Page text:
I required copies of my paid and stamped Permiso Personal, my driving license, my vehicle title and my passport. I already had copies of all my own documents, so I only required 1 copy of the Permiso Personal at a cost of 50 cents. Expensive for a photocopy perhaps., but a bargain to be confirm, in English, that I had all the copies I needed!

I returned to the Banjercito, this time to get my temporarily import my vehicle. The girl behind the counter was incredibly diligent. She checked every piece of paperwork slowly and carefully, then compared every document to every other document and the computer screen, to ensure my name and other details were identical in all cases.

The same confusion arose with the Chip and Pin payment once again. This time, not content with the Spanish equivalent of “transaction confirmed by PIN”, she asked me to sign the receipt. Then she fished out my first payment receipt and had me sign that one just to be sure. I know all of this was completely unnecessary but it seemed so much simpler to just sign than debate it. This permit cost about $30 US dollars.

Then some lengthy discussion broke out in Spanish. Various permits and pieces of paper were handed about, discussed, disapproving looks exchanged, tempers flared, one girl whose job seemed to be standing around, looked apologetically at me as if to say “sorry about these crazy people”. Finally, after maybe 20 minutes of standing at the counter handing my documents back and forth through the glass more times than I remember, I was handed my completed paperwork. I checked that I had all my own documents, and now a new vehicle import sticker. I was set. Muchas gracias, I bowed with my hands palm to palm as if praying, and left the office.

I decided a victory cigarette was in order. I checked the time and realised the process had taken a little over 90 minutes. Wow. Arriving early in the day was good advice I had read somewhere! I rolled a smoke, checked with the assault rifle armed military fella if I could smoke there, and lit up.

A few minutes later a girl from the Banjercito office came out and asked me for something. I wasn’t sure what, so I volunteered the import sticker. She said something along the lines of, could she take it back inside for a few minutes. I smiled, of course, no problema. A few minutes passed. I responsibly disposed of my cigarette butt in a nearby barrel. I sat and waited a few more minutes.

Finally the girl who had served me returned with my sticker and asked if she could borrow my debit card just one last time. At least, that’s what I assume she said. She took my card and ran a pencil over the name section to take an imprint on one of her many pieces of paper.

When I was first given the import sticker they asked me to verify the VIN number and if it was correct, I was good to go. Now the girl wanted to double check the VIN herself I think. I pointed it out on the bike and made some sort of “same same” remark.

I asked about sticking the permit on the bike. The instructions say stick the permit behind the rear view mirror on the inside of the windshield. No such location exists on my motorcycle and everywhere on the bike is exposed to the elements. She didn’t seem concerned and swiftly stuck the permit on the underside of my windscreen. I tried to ask about rain but my Spanish and hand signals weren’t up to it. By this point I decided to take what I could get and leave before I was asked for my card once more.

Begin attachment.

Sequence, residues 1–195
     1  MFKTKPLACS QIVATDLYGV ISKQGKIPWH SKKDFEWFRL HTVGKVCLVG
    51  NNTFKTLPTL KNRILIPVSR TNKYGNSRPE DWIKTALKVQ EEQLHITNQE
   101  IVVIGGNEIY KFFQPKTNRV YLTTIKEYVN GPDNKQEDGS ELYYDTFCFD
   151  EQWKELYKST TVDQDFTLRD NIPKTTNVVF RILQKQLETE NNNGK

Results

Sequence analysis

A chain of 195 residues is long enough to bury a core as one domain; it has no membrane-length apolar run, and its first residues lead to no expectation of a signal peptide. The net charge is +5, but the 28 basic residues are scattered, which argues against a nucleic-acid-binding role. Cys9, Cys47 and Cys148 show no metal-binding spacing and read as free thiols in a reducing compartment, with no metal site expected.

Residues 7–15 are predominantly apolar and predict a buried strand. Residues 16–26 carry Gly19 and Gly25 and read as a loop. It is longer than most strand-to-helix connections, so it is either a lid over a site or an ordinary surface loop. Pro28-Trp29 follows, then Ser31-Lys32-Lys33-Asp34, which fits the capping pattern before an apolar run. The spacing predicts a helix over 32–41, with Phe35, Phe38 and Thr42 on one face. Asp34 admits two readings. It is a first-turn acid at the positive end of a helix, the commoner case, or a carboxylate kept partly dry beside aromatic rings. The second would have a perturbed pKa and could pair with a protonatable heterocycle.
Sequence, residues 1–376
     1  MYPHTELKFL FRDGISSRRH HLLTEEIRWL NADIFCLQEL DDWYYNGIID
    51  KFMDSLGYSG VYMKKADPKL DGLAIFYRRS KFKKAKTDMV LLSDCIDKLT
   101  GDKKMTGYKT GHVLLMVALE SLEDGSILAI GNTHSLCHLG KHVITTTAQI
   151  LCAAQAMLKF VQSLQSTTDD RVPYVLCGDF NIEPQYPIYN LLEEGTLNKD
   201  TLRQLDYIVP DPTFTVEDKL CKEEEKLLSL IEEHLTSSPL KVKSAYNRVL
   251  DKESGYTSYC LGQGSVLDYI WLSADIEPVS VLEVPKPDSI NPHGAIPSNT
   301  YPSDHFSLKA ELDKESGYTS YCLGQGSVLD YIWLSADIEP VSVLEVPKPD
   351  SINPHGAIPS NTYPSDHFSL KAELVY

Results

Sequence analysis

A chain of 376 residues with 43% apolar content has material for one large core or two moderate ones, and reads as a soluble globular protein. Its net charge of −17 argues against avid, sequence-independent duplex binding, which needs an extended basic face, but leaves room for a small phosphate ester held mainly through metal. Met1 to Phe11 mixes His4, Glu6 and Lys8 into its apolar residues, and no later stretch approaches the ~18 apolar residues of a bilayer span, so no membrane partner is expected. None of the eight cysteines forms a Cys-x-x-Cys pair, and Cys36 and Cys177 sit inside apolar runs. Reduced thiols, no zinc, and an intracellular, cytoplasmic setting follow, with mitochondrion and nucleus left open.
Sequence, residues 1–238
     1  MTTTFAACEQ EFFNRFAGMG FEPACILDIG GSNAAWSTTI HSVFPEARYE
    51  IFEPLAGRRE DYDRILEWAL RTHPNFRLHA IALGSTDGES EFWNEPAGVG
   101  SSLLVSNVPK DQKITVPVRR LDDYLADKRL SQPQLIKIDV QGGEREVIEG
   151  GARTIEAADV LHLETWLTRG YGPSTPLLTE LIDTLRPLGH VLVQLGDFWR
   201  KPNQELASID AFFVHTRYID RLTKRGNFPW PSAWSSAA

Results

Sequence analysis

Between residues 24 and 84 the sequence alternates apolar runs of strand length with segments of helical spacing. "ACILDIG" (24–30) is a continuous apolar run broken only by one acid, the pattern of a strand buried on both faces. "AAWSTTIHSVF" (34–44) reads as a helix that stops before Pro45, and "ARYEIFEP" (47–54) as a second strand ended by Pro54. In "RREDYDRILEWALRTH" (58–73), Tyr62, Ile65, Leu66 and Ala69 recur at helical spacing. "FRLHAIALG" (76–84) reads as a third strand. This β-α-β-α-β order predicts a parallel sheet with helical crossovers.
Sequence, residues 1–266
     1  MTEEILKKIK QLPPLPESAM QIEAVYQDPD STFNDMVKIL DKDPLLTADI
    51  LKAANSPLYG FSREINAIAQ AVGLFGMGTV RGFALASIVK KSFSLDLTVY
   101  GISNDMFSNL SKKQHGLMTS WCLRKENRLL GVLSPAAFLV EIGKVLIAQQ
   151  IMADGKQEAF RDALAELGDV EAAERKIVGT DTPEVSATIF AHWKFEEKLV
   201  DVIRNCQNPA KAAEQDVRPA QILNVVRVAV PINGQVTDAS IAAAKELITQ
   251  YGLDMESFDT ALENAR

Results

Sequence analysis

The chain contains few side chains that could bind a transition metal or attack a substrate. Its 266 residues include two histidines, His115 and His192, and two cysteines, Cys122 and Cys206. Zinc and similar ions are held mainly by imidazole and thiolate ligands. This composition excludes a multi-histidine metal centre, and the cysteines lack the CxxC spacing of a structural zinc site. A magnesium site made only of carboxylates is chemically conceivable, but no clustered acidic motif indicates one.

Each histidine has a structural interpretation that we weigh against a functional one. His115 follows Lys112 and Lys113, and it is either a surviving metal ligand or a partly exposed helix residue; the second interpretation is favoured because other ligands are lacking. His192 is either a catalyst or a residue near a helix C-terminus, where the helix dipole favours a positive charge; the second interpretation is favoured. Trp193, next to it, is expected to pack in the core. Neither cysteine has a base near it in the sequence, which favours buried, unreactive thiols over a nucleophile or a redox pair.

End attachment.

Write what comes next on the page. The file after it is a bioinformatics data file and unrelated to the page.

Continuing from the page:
I donned my gear, buttoned up, and rolled out from the border following the well marked route to Monterrey. Yee haa, I was once again in the Republic of Mexico, and it was warm. Viva Mexico!

Summary

  • Went to the Migracion office, got a Permiso Personal to import myself
  • Paid for the Permiso Personal at the Banjercito
  • Returned to Migracion to have the now paid for Permiso Personal stamped
  • Visited the Copias hut to make copies of the Permiso Personal, my driving license, my vehicle title and my passport (bring copies of everything)
  • Returned to Banjercito to purchase temporary vehicle import license
  • Attached the sticker to the front of the bike and rode off some 90 minutes later

An Ubuntu Kindle outside the US

I just bought a Kindle and successfully loaded my first book onto it in Canada, using only Ubuntu. The process I used should work anywhere outside the United States. Here’s a quick summary for overseas, would-be Kindle owners.

1] Buy the Kindle. You need a shipping address in the United States where a friend or forwarding service will receive the Kindle and send it on to you. You can use a credit card from any country to actually purchase the Kindle, but not the books.

2] Deregister the Kindle from your Amazon account.

3] Buy yourself an Amazon gift voucher (I started with $20). Just buy a gift card and have it sent to your own email address.

4] Create a new Amazon account with a new email address.

5] Register the Kindle onto your new Amazon account. The Kindle serial number is in tiny letters on the back of the device.

6] Load your gift voucher onto your new Amazon account.

7] Browse the Kindle book store, purchase a book. You’ll need to add a shipping address to your account, use a US shipping address.

8] Got Your Account > Manage My Kindle and scroll down. You’ll see a list of your purchases, choose Download to My Computer then save the file.

9] Plug your Kindle into your computer (Linux, Mac or Windows all work) and drop the file into the documents folder on the Kindle.

Voila, you have a Kindle outside of the USA.

Do not add a non-US credit card to your Amazon kindle account. Use the account only for your Kindle and only put money on the account via gift vouchers. Any non-US credit card will stop Amazon sending books to you on that account. You could repeat the process to register the Kindle to a new account, but you might run out of email addresses!

I’ll post some thoughts on the Kindle once I’ve had a chance to try it out. Right now it’s charging via USB. 🙂

For those of you still wondering what  Kindle is, go here. Think ipod for books. Here’s a picture to help you visualise: